Autophagy is a housekeeping mechanism tasked with eliminating misfolded proteins and damaged organelles to maintain cellular homeostasis. Autophagy deficiency results in increased oxidative stress, DNA damage and chronic cellular injury. Among the core genes in the autophagy machinery, ATG7 is required for autophagy initiation and autophagosome formation. Based on the analysis of an extended pedigree of familial cholangiocarcinoma, we determined that all affected family members had a novel germline mutation (c.2000C>T p.Arg659* (p.R659*)) in ATG7. Somatic deletions of ATG7 were identified in the tumors of affected individuals. We applied linked-read sequencing to one tumor sample and demonstrated that the ATG7 somatic deletion and germline mutation were located on distinct alleles, resulting in two hits to ATG7. From a parallel population genetic study, we identified a germline polymorphism of ATG7 (c.1591C>G p.Asp522Glu (p.D522E)) associated with increased risk of cholangiocarcinoma. To characterize the impact of these germline ATG7 variants on autophagy activity, we developed an ATG7-null cell line derived from the human bile duct. The mutant p.R659* ATG7 protein lacked the ability to lipidate its LC3 substrate, leading to complete loss of autophagy and increased p62 levels. Our findings indicate that germline ATG7 variants have the potential to impact autophagy function with implications for cholangiocarcinoma development.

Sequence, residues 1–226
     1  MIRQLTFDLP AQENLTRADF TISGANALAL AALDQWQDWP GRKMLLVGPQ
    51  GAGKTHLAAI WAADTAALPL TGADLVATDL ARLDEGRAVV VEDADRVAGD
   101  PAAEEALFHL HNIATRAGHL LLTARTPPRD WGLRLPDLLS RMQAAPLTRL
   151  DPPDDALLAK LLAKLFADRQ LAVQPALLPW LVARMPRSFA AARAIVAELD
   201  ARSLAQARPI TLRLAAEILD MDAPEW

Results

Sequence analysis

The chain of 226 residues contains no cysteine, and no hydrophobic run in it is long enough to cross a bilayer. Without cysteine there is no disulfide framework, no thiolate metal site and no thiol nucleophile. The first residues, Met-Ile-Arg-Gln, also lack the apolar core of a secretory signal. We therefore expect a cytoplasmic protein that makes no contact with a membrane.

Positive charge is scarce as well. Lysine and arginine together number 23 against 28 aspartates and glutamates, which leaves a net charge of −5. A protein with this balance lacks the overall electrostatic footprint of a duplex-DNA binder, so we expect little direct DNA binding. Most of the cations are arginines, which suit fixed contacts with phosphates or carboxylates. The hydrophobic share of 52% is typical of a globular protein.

View details for DOI 10.1038/s41598-022-13569-4
View details for PubMedID 35725745